#WeekendCurfew: What are the Delhiites cooking?  – Hindustan Times

#WeekendCurfew: What are the Delhiites cooking? – Hindustan Times

New Delhi

According to the Met department, it will be a rainy weekend. And if that does not turn out to be true, it will still be a return trip for Delhiitter, according to #WeekendCurfew in the city. But without letting it affect their mood, some eminent personalities plan to go into the kitchen and whip up their favorite food this Saturday and Sunday. And of course, #DilliKiSardi provides another strong reason to grab some delicious dishes. Read on to know what cooking is!

Palash Sen: Winter mein meetha khane mein kaafi maza aata hai

Palash Sen plans to prepare delicious gajar ka halwa.
Palash Sen plans to prepare delicious gajar ka halwa.

Singer Palash Sen urges people to abide by the curfew and plans to get in the kitchen while enjoying the weekend indoors. “There is no better time than winter to whip up some delicious gajar ka halwa. Iski baat karte huye hi mere muh me paani aa rha hai, “says Sen and adds:” Winter mein meetha khaane mein kaafi maza aata hai, aur mujhe meetha vaise hi bahut pasand hai. I love desserts! So what I love to cook in the winter, especially when it rains, is gajar and beetroot ka halwa. A special magic in my recipe is to cook it in condensed milk, which improves its taste. Et tip: Jitne tid tak aap ise bhoonenge, utna achcha nikal kar aayega. And I love garnishing it with walnuts instead of kaju and kishmish! ”

Atisha Pratap Singh: Perfect weather for baking!

Atisha Pratap Singh's favorite pastries include chocolate chips and banana cake.
Atisha Pratap Singh’s favorite pastries include chocolate chips and banana cake.

Kuchipudi dancer Atisha Pratap Singh, who is currently in Delhi, recounts how winter and the recent rains have led her to experiment with tea. “I have started adding tulsi, from our home-grown plant, to my tea, and it tastes so much better. In addition, I am a baking enthusiast. I have made banana cake before. And a winter specialty that I love is Chocochip cookies, which go great with a steaming hot cup of coffee. The weather in Delhi has just tempted me to get my oven mitts out and start baking. And this weekend I’m planning to make a new batch of cookies when everyone stays home. ”

Sawani Mudgal is everything for kachoris and kebabs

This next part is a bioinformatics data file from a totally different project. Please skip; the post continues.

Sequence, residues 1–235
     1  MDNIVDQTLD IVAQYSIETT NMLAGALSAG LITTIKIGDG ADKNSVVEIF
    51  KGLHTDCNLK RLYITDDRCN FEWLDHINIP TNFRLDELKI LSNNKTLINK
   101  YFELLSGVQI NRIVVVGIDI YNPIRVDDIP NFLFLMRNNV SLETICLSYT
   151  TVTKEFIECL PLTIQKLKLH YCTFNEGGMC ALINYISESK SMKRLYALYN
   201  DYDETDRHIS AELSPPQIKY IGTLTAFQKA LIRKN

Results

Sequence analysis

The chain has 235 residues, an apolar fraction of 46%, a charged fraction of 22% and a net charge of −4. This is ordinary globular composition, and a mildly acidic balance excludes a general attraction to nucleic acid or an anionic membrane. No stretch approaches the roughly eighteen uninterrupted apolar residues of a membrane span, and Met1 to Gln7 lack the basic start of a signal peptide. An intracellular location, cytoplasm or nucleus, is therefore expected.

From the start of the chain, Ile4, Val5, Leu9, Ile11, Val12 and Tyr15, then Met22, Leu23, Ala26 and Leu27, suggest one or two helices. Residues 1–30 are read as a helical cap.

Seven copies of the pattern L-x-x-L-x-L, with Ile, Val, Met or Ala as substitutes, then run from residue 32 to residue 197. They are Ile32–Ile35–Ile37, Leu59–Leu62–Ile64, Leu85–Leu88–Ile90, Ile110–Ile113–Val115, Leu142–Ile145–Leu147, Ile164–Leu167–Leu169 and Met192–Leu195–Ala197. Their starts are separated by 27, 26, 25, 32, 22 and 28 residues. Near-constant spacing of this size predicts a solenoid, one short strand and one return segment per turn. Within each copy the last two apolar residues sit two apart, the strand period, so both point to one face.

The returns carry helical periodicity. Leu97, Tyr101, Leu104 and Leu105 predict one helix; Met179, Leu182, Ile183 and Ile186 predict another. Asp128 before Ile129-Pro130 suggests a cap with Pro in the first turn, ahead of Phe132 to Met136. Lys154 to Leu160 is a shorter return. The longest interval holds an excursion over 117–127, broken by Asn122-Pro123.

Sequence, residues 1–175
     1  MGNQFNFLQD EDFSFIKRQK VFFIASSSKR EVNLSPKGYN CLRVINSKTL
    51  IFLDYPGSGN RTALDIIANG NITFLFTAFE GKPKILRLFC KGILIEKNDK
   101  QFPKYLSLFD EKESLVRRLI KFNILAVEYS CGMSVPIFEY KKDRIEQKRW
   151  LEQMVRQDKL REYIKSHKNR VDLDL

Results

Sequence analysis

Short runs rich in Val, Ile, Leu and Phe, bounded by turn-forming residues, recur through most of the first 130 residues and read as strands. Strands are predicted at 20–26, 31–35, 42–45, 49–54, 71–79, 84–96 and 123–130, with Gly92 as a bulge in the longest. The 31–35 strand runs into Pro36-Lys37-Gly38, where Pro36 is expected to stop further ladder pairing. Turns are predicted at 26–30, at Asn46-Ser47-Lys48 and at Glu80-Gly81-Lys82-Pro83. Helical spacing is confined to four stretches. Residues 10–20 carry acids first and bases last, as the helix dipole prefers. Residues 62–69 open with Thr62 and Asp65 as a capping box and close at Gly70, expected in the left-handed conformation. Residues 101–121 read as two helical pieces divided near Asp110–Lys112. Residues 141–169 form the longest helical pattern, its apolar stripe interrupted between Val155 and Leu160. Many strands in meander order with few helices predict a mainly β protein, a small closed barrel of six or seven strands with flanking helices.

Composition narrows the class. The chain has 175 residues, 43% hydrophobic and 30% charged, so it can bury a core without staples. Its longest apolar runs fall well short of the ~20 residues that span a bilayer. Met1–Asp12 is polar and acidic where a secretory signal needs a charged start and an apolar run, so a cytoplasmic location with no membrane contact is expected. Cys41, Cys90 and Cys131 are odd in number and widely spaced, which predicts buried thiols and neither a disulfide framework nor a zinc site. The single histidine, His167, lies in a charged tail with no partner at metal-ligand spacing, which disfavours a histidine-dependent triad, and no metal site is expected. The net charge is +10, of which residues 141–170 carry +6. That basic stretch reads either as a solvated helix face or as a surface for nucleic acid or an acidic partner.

Sawani Mudgal's weekend binge includes sizzling hot kachori and dahi kebabs.
Sawani Mudgal’s weekend binge includes sizzling hot kachori and dahi kebabs.

Indian classical music vocalist Sawani Mudgal feels that “the maahaul created during the Delhi winter, with an extra topping of rain, is lovely. She is a foodie at heart and has previously cooked kachori, dahi kebab, pao bhaji, homemade pizza and even sat nimbu achaar and fruit cream. “Sounds delicious, no! Each of these dishes I enjoy cooking and eating, both of which are fun. And this weekend I plan to make some of the dishes I know , for a tasteful and safe weekend inside, ”she says, smiling at the thought of chatting in garma garam kachoris.

Rakhshanda Jalil whips up the traditional with a twist

Rakhshanda Jalil's menu includes seekh kebabs and upside-down orange cake.
Rakhshanda Jalil’s menu includes seekh kebabs and upside-down orange cake.

It’s all fresh in the garden this season, for author and literary historian Rakhshanda Jalil. Delicious seekh kebabs serve as inspiration for the weekend’s cooking plans for Jalil, who says that her kitchen will have a new avatar in the winter months. “Winter cooking in my home is broadly based on two lines: traditional recipes and adjustments to South Asian, continental or West Asian recipes. Both are dependent on the use of seasonal fresh ingredients and specifically what I myself have grown. So in the former category would be dishes from my mom’s or grandma’s kitchens such as chuqandar-gosht (beetroot and mutto) or shabdegh (fat rolls of turnips and mutton). Or methi-moong ki daal, daal-sa (palak with moong dal), rasawal (traditionally rice cooked in fresh sugar cane, but now increasingly made with gur and spruce led with rich raisins and shavings of coconut). Then there are the winter jams I make every year: probiotic pickled turnips or beets with only crushed rye seeds. In the second category are again dishes and cuisine that use seasonal vegetables: such as solid soups made from chickpeas and sweet potatoes, sautéed winter vegetables and stews with harissa spice, ”she says.

The author tweets @siddhijainn

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